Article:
101 Reykjavik (2000) 30-year-old, unemployed slacker Hlynur (Hilmir Snær Guðnason) lives an aimless existence, living with his middle-aged mother in a small flat. Instead of looking for work, he spends his nights drinking, going to parties and getting laid. Things take an unexpected change when his mother’s new lesbian companion Lola (Victoria Abril) comes to live with them. He becomes infatuated with the free-wheeling Lola, in spite of the fact that he isn’t exactly her type. Our nominal protagonist isn’t the most likable, but that’s the point, as we’re left to ponder whether Hlynur is capable of change. Writer/director Baltasar Kormákur’s amusing little film features some funny dialogue and an abundance of awkward situations. Don’t expect a travelogue-style depiction of Iceland, full of cheerful residents and breathtaking scenery. Instead, It’s an emphatically unglamorous, often bleak, snapshot of life in Iceland prior to the tourist boom.
Rating: ***½. Available on DVD
The Vampire Bat (1933) Anyone looking for a horror movie will be disappointed in Frank R. Strayer’s low-key mystery/thriller with comic elements. The denizens of a German village are up in arms after a series of deaths, in which the bodies were drained of blood. Some begin pointing the finger at vampires, while others suspect vampire bats. Herman Gleib (Dwight Frye) a mentally challenged man with an unfortunate (in the eyes of the superstitious villagers) fondness for bats, becomes the prime suspect. Lionel Atwill, Fay Wray Melvyn Douglas headline a superb cast, which also includes Maude Eburne in an amusing turn as a hypochondriac. It’s a mostly enjoyable romp that only falters during the tepid climax.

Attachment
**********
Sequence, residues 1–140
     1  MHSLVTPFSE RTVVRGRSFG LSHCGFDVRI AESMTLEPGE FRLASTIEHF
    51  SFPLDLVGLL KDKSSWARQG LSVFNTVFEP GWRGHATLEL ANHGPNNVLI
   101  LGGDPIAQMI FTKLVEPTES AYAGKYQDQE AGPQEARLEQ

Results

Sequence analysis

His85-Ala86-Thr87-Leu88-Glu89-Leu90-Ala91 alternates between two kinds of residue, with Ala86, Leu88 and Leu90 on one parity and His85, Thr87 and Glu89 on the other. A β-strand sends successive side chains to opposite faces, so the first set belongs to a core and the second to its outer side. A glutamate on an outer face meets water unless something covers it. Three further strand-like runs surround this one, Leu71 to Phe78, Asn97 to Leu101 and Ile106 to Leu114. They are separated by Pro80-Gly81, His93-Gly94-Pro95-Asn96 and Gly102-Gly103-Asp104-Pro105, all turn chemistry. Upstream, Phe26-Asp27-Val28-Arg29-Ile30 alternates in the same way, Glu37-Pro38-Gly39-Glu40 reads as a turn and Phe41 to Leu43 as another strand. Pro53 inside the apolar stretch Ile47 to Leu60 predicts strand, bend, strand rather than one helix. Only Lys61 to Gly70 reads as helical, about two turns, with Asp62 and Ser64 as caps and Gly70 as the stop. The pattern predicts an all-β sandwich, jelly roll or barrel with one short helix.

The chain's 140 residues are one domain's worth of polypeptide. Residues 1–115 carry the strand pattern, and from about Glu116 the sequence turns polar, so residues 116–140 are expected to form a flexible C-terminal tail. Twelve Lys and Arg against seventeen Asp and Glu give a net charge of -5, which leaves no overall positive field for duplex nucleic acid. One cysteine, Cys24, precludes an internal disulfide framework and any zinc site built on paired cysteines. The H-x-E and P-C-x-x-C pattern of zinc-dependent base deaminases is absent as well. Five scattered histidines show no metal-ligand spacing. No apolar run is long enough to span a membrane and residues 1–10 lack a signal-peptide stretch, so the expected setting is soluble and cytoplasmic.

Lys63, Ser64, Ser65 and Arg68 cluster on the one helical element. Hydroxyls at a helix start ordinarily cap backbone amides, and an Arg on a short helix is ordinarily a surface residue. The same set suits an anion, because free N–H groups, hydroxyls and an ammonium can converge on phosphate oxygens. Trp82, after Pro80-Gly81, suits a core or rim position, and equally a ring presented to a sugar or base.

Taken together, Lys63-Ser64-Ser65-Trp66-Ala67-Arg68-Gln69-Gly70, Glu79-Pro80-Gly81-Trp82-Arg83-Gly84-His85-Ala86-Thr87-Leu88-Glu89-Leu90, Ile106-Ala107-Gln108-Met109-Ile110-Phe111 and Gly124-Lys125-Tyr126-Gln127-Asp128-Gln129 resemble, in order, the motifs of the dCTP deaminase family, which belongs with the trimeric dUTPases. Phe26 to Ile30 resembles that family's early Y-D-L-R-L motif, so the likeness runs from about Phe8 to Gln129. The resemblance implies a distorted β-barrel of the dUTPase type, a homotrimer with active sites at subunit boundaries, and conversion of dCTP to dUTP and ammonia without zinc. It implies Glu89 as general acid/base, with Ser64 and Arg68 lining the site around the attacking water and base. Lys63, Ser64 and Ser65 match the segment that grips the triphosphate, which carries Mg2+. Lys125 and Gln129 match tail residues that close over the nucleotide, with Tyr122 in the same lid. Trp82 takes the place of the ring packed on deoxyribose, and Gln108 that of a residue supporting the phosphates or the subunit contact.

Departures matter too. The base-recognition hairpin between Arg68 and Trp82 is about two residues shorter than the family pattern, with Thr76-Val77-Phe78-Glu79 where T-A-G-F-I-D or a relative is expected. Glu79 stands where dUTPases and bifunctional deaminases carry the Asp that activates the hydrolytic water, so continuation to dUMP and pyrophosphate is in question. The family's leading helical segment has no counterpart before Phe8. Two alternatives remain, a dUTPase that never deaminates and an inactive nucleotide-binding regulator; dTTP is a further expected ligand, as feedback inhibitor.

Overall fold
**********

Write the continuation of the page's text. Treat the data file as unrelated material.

Rating: ***½. Available on DVD and Kanopy
Blood (1973) Set in the late 1800s, this $25,000 wonder from writer/director Andy Milligan is nothing, if not ambitious. Dr. Orlovsky (Allan Berendt), the son of a werewolf, lives in an arranged marriage to Regina (Hope Stansbury) the daughter of Dracula. Orlovsky raises deadly carnivorous plants with the hope of creating a serum that will sustain his wife. The film consists of mostly tight shots (with a few medium shots thrown in), likely to conceal the fact that there was no money to build elaborate sets. The dialogue, makeup and acting are uniformly terrible, but it’s presented with such naïve exuberance that you can’t help but admire it on some level. It’s an exercise in sheer chutzpah that has to be seen to be disbelieved.
Rating: **½. Available on Blu-ray (part of The Dungeon of Andy Milligan Collection) and Tubi
Scorpion with Two Tails (1982) After experiencing a nightmare where her archaeologist husband Arthur (John Saxon) is brutally murdered, Joan Barnard’s (Elvire Audray) bad dream becomes reality. She travels to Italy, with Arthur’s lab assistant, Mike (Paolo Malco) to investigate Arthur’s death. Her search leads her to some Etruscan ruins that he was investigating. This slow-moving neo-giallo (with some supernatural elements thrown in) from director Sergio Martino is an exercise in tedium, despite the lurid subject matter. The leads are bland, and John Saxon is barely in the movie. Van Johnson is similarly wasted as Joan’s heroin-smuggling father, who owes the mob millions of dollars. Don’t bother.
Rating: **. Available on DVD